An extraordinary new bill could give New South Wales police the power to ban a person from entering a mosque based on instinct.
The Crimes Bill 2016 passed through NSW upper house will allow police to use their ‘gut feeling’ to stop someone they suspect of posing a serious risk from entering mosques, churches or attending public protests.
The move has been quickly condemned by critics who warn it could have ‘grave implications for the rule of law’ in the state.
“These new bills introduce public safety orders that are not about public safety, but about control,” David Porter, a solicitor at Redfern Legal Centre told The Guardian.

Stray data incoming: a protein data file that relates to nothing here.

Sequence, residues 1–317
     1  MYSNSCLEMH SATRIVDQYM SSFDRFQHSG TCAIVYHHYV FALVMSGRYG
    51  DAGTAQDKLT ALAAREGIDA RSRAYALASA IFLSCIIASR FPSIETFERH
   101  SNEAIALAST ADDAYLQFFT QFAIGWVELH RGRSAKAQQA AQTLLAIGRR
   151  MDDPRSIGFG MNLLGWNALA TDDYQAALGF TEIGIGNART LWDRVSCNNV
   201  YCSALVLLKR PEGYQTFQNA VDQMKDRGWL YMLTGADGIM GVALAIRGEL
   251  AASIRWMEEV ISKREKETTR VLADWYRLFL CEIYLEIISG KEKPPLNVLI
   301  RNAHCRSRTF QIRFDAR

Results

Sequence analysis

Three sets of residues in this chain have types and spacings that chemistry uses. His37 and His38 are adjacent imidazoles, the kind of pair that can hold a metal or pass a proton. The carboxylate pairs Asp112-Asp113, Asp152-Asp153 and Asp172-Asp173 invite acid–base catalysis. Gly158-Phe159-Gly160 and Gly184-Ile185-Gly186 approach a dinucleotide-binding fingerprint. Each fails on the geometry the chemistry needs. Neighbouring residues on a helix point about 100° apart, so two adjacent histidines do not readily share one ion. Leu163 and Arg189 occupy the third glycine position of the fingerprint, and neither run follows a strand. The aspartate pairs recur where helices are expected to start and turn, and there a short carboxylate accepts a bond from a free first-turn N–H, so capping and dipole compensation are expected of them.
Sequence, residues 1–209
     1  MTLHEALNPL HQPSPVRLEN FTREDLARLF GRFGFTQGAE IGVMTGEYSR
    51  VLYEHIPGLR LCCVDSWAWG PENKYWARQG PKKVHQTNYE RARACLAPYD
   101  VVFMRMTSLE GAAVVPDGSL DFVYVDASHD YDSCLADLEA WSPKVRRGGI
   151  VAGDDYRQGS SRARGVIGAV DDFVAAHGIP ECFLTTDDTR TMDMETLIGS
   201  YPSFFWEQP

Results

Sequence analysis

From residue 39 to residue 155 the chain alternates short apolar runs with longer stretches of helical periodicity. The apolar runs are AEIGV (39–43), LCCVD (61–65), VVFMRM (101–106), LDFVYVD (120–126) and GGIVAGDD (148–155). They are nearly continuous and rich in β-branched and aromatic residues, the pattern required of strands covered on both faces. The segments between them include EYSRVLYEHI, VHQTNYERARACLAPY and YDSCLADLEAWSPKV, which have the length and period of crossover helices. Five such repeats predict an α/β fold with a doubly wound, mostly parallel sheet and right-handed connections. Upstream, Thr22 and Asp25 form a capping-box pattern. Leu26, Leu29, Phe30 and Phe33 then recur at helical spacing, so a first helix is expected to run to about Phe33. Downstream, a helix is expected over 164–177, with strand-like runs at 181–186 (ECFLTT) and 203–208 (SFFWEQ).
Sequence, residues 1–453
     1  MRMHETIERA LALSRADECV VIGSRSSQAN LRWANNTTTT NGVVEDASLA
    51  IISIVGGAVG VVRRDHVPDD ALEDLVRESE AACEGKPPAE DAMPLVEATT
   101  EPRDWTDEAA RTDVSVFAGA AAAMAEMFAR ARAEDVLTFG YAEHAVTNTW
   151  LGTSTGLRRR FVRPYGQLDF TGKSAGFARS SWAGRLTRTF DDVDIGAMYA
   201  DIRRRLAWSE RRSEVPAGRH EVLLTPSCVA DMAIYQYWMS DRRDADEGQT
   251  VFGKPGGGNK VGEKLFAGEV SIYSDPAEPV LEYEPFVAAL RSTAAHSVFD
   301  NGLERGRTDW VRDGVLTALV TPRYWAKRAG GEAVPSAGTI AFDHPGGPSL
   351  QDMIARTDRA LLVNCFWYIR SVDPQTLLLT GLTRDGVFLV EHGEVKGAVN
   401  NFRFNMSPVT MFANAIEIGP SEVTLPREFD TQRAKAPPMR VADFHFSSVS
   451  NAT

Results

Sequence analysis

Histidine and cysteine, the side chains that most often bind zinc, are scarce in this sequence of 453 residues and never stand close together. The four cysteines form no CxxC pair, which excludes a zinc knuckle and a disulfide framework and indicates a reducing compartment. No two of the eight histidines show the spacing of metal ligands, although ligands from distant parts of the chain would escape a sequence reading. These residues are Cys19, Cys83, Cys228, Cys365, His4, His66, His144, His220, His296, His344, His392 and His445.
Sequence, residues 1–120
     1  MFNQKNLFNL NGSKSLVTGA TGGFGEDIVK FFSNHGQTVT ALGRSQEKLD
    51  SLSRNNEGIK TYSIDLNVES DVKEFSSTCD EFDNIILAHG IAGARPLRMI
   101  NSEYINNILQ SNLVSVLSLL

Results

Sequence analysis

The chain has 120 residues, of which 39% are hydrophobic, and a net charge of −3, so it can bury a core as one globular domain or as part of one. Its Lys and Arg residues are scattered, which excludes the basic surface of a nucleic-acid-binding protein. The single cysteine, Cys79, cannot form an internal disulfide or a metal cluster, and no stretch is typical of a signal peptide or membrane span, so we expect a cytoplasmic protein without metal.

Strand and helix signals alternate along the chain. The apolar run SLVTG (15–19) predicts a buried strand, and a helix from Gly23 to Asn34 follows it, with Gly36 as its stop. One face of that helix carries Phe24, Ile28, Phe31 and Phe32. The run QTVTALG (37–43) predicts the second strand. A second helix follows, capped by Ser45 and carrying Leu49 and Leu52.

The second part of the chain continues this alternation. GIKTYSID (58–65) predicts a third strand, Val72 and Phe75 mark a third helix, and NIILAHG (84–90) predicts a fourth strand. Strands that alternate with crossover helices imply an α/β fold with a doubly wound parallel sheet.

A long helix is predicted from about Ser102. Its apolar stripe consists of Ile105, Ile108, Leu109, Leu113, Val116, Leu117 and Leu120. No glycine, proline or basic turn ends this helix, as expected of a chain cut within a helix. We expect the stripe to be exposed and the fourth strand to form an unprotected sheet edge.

He says the powers are about “shutting down” all sorts of public events, “from protests to footy finals”.
“This isn’t a question of the gradual erosion of equality before the law — the passing of these bills means it is gone,” Porters says.
Greens upper house member David Shoebridge also voiced his concern about the law’s introduction.
He says it is wrong for police to have the ability to use extraordinary powers in situations where sufficient evidence for a criminal prosecution has not been obtained.
“If a gut feeling satisfies a police officer that a person poses a serious risk to public safety or security and they think the order is reasonable, off they will go,” Shoebridge told the Daily Mail.
The orders would give police similar powers to those they have to seek and impose control orders on terrorism suspects — but they could be applied to all citizens who are alleged to have some proximity to or involvement in a serious crime, without a person ever being found guilty of an offence.